I had been performing my trance show as Nystagmus since 1998, however, in Vancouver there are several very different scenes and I wanted to explore my options. Anahata began as a sort of dare – a friend of mine DJ Ronin used to throw the “In:Vision Festival”, a down tempo festival in BC. My particular style of trance wasn’t really his “thing” but, he said if I could come up with a chill project he would put me up as a headliner – I had a year to complete the project. I completed the project in June 2005. The tracks were just sitting on my hard drive for almost 2 years before Entheogenetic Records released it. Aleph-zero was also interested releasing the disk as well but we had differing opinions as to what would be on the disk. Yaniv (Shulman) and Shahar from Aleph-zero are both top notch guys in my book, however, Entheogenetic gave me full artistic control so I went that direction. As a side note – due to popularity “The Unmade Sound” has been completely sold out for almost a year and will be re-released next month as the second disk on “Anahata-Conduktor” through Area709 Records. (area709.com)
Where does the name come from?
Anahata is the fourth primary charka. In Sanskrit, the word anahata – means unhurt, un-struck and unbeaten. Anahata Nad refers to the Vedic concept of unstruck sound, the sound of the celestial realm.
When/Where was the first gig/event you played at-How did it go-How did you feel?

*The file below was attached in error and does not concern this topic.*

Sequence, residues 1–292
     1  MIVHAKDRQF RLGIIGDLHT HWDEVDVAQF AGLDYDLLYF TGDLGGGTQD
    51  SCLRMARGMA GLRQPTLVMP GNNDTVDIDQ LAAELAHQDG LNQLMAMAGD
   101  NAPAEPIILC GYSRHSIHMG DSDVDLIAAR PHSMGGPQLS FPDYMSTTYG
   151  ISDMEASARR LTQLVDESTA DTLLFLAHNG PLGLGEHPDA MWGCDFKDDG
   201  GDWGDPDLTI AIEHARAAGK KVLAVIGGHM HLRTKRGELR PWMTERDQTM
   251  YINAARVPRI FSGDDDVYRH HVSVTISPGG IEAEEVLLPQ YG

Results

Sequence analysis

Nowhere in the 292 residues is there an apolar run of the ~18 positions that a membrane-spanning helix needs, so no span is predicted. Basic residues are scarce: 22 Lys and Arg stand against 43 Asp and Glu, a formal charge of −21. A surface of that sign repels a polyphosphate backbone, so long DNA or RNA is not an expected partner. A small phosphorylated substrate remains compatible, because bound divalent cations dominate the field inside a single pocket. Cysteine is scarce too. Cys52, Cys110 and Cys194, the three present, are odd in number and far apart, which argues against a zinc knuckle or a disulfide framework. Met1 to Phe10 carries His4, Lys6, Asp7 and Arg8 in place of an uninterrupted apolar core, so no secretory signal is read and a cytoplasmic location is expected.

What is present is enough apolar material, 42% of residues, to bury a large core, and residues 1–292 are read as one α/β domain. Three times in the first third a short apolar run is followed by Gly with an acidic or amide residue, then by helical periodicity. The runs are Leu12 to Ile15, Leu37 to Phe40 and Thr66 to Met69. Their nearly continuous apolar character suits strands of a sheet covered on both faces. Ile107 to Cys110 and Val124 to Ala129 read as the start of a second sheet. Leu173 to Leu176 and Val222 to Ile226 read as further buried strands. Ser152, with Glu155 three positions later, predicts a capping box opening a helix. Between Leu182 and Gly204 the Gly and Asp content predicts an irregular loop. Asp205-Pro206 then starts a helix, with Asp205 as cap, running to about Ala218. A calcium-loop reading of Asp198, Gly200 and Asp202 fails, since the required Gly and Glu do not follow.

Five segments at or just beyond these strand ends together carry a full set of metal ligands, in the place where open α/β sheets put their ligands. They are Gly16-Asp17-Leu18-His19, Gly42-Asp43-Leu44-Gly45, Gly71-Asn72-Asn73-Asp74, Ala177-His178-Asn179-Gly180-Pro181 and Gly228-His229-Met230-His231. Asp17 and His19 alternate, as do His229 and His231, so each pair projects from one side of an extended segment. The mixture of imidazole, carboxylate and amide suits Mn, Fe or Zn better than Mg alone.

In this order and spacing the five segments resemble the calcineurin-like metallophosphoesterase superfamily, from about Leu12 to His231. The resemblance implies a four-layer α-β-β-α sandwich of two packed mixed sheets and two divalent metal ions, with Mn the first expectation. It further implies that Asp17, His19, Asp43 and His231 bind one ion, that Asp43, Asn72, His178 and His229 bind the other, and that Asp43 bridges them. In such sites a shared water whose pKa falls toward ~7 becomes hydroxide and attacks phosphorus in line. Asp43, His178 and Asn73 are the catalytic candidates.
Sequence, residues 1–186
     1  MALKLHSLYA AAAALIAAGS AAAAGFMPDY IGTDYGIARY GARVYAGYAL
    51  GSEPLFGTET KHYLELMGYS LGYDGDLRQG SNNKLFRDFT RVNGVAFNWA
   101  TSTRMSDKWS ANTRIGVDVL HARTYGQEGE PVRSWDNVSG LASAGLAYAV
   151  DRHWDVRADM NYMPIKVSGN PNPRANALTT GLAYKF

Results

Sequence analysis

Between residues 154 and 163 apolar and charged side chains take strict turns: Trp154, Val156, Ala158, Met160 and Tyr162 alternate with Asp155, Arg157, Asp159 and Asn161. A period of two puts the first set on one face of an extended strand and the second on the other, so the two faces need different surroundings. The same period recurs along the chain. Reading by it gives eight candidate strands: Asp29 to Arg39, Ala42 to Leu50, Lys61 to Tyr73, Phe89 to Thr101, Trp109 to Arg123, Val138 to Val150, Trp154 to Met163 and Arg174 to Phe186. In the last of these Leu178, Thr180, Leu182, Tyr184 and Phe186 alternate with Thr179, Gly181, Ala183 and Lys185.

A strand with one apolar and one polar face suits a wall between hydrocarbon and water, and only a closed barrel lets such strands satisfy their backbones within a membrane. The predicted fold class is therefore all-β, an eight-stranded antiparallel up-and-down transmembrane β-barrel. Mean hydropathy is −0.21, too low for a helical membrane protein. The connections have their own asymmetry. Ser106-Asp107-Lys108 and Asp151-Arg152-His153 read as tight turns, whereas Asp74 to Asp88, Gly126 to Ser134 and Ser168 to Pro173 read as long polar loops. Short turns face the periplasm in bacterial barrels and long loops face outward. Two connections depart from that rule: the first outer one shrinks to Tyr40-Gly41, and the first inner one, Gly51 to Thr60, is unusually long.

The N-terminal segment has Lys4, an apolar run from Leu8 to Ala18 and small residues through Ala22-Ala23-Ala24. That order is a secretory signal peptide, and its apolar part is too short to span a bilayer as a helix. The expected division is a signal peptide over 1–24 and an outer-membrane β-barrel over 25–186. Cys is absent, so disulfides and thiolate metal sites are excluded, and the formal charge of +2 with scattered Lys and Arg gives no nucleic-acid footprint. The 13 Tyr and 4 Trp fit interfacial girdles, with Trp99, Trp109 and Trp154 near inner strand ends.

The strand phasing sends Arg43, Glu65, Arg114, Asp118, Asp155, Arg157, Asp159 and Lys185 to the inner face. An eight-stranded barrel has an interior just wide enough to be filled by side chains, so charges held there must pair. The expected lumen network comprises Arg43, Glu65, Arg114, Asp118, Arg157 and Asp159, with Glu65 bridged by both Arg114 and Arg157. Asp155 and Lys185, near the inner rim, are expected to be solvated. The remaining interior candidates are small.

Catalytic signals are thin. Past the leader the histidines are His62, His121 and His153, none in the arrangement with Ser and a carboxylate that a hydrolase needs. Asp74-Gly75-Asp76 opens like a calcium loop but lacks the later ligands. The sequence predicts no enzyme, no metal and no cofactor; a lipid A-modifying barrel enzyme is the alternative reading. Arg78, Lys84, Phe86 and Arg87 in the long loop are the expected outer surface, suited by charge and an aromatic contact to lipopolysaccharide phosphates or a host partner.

I played in many different musical projects, from classical ensembles to punk bands but my first “electronic” gig was in 1998 at Organix, a club in Vancouver – it still rocks full on trance every Friday night – 12 years running. I was opening for Mindfield so it was quite an exciting event for me. My first gig as Anahata was at In:Vision – to be honest I was completely exhausted from playing as Nystagmus at the Karma Music Festival a few hours earlier – however, playing Anahata at the Shambhala Music Festival a week later was mindblowing – 3-6am on day 4 of one of the largest festivals in Canada. It was the perfect set at the perfect time.
What equipment do you use when playing live?
If it’s stereo – Ableton Live, a BCR2000, and a Motu Ultralite. If its 5.1 surround, Cubase SX (for surround automation) with Ableton Live, a Remote SL and a Motu Ultralite. Occasionally I perform with live musicians as well – depending on the situation. The major difference between a live set and a DJ set to me – is, or at least should be, the transitions between tracks and manipulation of tracks. A live artist has the ability to have total freedom and break all of the rules DJ’s have to follow – I don’t beat match, I write transitions – a live artist has the ability to make a set truly seamless. To mix your tracks like a DJ when you are creating the music – is just… well… sort of lazy. Just my opinion – of course. I do it sometimes too… but I just feel sort of cheap about it.
Describe how you feel when you play live to an audience Matte
Depends on the project really – my favourite project is the new Anahata trance project just because it’s in surround sound and highly danceable – plus the look on people’s faces when they realise it’s surround is always priceless. Narcolepsy makes people laugh… a lot. The Unmade Sound is different – I prefer hearing other people playing my tracks in the chill dome than playing them myself… I’m pretty A.D.D. at parties… so I have a hard time sitting still for that long.
“The Unmade Sound” was such a unique album in so many ways. Tell us a little more about that release…